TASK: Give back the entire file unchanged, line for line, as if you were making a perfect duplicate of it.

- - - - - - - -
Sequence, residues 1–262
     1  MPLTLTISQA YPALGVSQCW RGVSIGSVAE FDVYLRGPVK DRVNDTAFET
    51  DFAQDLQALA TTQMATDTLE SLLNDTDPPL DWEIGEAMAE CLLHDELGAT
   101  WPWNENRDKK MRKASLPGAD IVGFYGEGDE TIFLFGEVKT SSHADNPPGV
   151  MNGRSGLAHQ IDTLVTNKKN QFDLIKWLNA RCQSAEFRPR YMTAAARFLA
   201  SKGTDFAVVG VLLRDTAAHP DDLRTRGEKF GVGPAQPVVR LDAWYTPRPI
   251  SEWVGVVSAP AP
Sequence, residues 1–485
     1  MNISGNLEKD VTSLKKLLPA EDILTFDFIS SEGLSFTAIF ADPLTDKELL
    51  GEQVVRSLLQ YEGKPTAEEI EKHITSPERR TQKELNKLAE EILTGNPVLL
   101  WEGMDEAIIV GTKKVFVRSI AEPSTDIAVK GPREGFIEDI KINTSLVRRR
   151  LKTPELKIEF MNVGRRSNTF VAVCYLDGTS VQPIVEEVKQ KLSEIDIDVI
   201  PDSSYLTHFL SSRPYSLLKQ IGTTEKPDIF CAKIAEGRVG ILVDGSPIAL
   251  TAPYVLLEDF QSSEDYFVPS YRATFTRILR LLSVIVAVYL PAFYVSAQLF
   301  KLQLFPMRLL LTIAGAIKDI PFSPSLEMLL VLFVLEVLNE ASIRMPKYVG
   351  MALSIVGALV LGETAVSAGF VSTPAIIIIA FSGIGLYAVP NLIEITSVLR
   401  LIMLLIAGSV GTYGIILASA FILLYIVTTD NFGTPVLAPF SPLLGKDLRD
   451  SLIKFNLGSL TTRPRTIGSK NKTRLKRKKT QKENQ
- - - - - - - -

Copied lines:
Sequence, residues 1–262
     1  MPLTLTISQA YPALGVSQCW RGVSIGSVAE FDVYLRGPVK DRVNDTAFET
    51  DFAQDLQALA TTQMATDTLE SLLNDTDPPL DWEIGEAMAE CLLHDELGAT
   101  WPWNENRDKK MRKASLPGAD IVGFYGEGDE TIFLFGEVKT SSHADNPPGV
   151  MNGRSGLAHQ IDTLVTNKKN QFDLIKWLNA RCQSAEFRPR YMTAAARFLA
   201  SKGTDFAVVG VLLRDTAAHP DDLRTRGEKF GVGPAQPVVR LDAWYTPRPI
   251  SEWVGVVSAP AP
Sequence, residues 1–485
     1  MNISGNLEKD VTSLKKLLPA EDILTFDFIS SEGLSFTAIF ADPLTDKELL
    51  GEQVVRSLLQ YEGKPTAEEI EKHITSPERR TQKELNKLAE EILTGNPVLL
   101  WEGMDEAIIV GTKKVFVRSI AEPSTDIAVK GPREGFIEDI KINTSLVRRR
   151  LKTPELKIEF MNVGRRSNTF VAVCYLDGTS VQPIVEEVKQ KLSEIDIDVI
   201  PDSSYLTHFL SSRPYSLLKQ IGTTEKPDIF CAKIAEGRVG ILVDGSPIAL
   251  TAPYVLLEDF QSSEDYFVPS YRATFTRILR LLSVIVAVYL PAFYVSAQLF
   301  KLQLFPMRLL LTIAGAIKDI PFSPSLEMLL VLFVLEVLNE ASIRMPKYVG
   351  MALSIVGALV LGETAVSAGF VSTPAIIIIA FSGIGLYAVP NLIEITSVLR
   401  LIMLLIAGSV GTYGIILASA FILLYIVTTD NFGTPVLAPF SPLLGKDLRD
   451  SLIKFNLGSL TTRPRTIGSK NKTRLKRKKT QKENQ